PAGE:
24.1 gram complete slice – 58mm x 28mm x 5mm - $215

DAR al GANI (444), Libya: (LL4-5). Found May 1998, Tkw = 164 grams.
This is a Lang Collection piece. It is a really nice end piece of a rare item as well (there are only 7 listed meteorites classified as LL4-5 in the most recent Meteorites A to Z. There are likely a couple more perhaps, but I did not have time to got through the 111 pages (!) of LL chondrites listed in the full Meteoritical Bulletin). This has a pleasing light orange-brown color with some dark clasts and chondrules visible. The back has nice black crust; some lightly wind-polished but some with its full original texture. Given the small total known for this meteorite, I suspect that this might be the "main mass" for this find.
19.2 gram end piece – 38mm x 37mm x 10mm - $135

DHOFAR (055), Oman: (Eucrite). Found 1999. Tkw = 235 grams.
This is a Lang Collection piece. It is a nice end piece that has a nice brecciated texture (almost howardite like) on the cut face. The back is all natural, showing some wind-polished crust along with what looks to be late atmospheric break/ old impact break perhaps.
20.1 gram end piece – 30mm x 26mm x 15mm - $300

MARALINGA, Australia: (CK4): Found 1974. Tkw = 3.38kg.
This is a Lang collection piece (and likely a David New piece before that). It is a small part slice that has one cut edge and shows some dark chondrules in a mixed greenish gary and brown matrix. This had a price of $350 on it when I got it. I thought that was high but then I have not seen a piece of this material for a very long time (and anything Australia is always in high demand).
1.82 gram slice – 17mm x 13mm x 4mm -  SOLD

NWA (1227): (LL3). Found 1999. Tkw = 1050 grams.
This is a piece that would likely make most collectors say "wow". It has lots of chondrules (of all sizes and colors) in a very light tan matrix (this reminds me a bit of Ragland and Wells this way). What is really interesting (to me anyway) is a 25mm x 18mm clast that is something completely different. It shows fewer chondrules (most being quite indistinct) in a mottled gray and brown matrix. I suspect that this is an LL5 clast, though it could be an L5 clast as it does seem to show distinctly stronger magnetic attraction than the main part of the slice. This is a Lang specimen as well.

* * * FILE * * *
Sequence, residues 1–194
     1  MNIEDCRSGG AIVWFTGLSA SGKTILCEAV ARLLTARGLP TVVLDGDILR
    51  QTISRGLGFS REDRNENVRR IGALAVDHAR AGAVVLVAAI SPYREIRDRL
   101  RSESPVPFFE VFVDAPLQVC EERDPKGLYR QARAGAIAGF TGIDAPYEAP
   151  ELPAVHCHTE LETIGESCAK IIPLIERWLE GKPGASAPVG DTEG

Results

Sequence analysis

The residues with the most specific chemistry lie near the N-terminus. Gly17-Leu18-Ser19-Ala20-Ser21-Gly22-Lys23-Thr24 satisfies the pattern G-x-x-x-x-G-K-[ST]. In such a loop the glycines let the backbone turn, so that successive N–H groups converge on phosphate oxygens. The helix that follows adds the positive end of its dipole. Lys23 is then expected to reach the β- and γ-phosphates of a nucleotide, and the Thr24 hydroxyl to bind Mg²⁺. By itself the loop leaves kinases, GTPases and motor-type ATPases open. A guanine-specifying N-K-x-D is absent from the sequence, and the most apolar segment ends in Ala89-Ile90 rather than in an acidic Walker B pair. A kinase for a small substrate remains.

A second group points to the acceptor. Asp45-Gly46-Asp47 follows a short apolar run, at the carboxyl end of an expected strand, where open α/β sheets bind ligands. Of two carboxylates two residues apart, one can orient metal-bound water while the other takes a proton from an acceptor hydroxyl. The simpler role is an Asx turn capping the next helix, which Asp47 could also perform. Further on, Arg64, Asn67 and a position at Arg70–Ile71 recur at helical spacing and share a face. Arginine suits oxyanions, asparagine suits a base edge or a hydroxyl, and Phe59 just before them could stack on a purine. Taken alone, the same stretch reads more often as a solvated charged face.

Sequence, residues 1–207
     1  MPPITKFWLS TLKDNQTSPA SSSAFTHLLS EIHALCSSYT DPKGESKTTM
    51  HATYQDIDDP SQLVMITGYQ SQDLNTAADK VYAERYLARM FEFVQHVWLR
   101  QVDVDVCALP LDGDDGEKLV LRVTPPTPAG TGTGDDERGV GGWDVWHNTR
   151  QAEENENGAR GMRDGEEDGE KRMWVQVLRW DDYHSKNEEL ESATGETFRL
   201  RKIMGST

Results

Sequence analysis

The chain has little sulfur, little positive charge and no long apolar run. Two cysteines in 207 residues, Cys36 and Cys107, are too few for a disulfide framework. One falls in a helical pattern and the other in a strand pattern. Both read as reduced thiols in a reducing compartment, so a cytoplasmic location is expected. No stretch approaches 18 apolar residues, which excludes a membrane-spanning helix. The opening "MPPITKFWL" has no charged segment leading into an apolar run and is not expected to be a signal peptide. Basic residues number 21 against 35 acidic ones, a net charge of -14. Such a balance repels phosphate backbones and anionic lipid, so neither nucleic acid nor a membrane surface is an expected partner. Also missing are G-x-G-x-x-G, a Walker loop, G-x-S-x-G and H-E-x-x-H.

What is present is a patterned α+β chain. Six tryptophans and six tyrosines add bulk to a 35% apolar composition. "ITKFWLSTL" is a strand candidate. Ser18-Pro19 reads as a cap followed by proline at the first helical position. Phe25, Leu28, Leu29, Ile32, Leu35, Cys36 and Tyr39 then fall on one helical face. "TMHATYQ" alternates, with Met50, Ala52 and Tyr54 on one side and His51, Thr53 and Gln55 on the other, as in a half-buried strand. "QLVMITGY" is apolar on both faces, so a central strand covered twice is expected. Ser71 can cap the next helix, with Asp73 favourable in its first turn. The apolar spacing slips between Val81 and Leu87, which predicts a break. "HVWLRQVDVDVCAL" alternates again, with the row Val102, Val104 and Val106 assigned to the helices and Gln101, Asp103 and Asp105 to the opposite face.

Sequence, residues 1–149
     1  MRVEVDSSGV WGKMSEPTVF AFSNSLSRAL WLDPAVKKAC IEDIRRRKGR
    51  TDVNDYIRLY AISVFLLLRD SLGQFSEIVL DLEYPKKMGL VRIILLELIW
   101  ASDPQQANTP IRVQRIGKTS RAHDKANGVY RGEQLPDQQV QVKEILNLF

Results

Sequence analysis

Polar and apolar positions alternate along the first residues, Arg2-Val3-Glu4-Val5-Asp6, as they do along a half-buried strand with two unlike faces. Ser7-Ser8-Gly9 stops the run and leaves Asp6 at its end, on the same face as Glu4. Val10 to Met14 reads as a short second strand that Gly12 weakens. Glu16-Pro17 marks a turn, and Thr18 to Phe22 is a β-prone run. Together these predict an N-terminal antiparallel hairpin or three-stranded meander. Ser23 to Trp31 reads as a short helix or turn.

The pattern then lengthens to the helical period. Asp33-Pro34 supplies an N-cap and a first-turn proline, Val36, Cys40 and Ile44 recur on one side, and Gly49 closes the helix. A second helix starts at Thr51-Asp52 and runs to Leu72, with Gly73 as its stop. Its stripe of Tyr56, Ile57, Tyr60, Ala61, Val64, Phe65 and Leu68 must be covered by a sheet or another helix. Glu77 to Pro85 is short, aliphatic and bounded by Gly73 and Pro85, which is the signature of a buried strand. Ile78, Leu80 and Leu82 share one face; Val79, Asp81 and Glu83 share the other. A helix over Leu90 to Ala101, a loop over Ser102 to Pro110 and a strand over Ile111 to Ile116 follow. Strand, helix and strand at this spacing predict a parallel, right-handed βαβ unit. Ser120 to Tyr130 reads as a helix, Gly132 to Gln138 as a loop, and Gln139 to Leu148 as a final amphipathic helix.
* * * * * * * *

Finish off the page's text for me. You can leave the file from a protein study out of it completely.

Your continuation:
72.2 gram complete slice – 100mm x 50mm x 5mm - $450

NWA (1242): (Mesosiderite). Found 1985. Tkw = about 7kilograms.
This is another "wow" specimen. This really looks like a mesosiderite should. It has LOTS of metal that is mostly fine grained but a few larger nodules are present mixed with fragments of silicates of many sizes (including a couple cm sized fragments; one gray green in color and the other looking like an olivine crystal). This is not cheap but it is a superior display piece and much nicer than the NWA mesosiderites I have been offered the past couple years (at $10 to $12/g "out of the field" no less. Things are definitely getting more expensive out o the field these days). This is a Lang specimen as well.
75.2 gram complete slice – 100mm x 50mm x 5mm - $750

NWA (3100): (LL7). Found 2003. Tkw = 136 grams.
I know I am risking getting some people upset over this one. Many researchers feel that there is no such thing as a "type 7" and insist that they be called "primitive achondrite", "meta-chondrites" or such. Personally, if the link to a particular family/ parent body is clear, I prefer the "type 7" myself. This gives an easy identity to the thing. Example – "oh, LL7, OK. That means that it has been metamorphosed to the point of no chondrules remaining but it is a rock from the LL parent body". Simply labeling these things "primitive" or "meta-chondrite" does not tell you anything other than that the thing has been metamorphosed to the point of loosing its chondrules. You then have to locate and dig into the official classification reports to find the parent body connection (If there is one. Things that don't match up to a known parent would obviously have to remain "primitive" or "meta-chondrite"). Regardless of what you want to call these, this is a rare type meteorite and only a handful of (generally small) pieces of this type are known. 
2.17 gram slice – 20mm x 13mm x 3mm - $70

PLAINVIEW (a), Texas: (H5), breccia. Found 1917. Tkw = about 700kilograms.
This famous meteorite likely fell in early spring of 1903. A large fireball was seen in the area then and a large stone (that perfectly matched later "Plainveiw" finds) was found in a horse coral near Cotton Center the next morning. These are a few odd (some a bit wedged) slices I picked up years ago and let set aside forgotten. These show lots of metal and plenty of breccia texture/ fragments (this meteorite is a regolith breccia). The large piece has only one cut edge with the remainder being nice dark brown to black crust
1) Slices:
a) 5.3 gram – 20mm x 14mm 5mm - $16
b) 11.3 grams – 40mm x 35mm x 2mm - $34 
c) 54.9 grams – 55mm x 52mm x 6mm - $165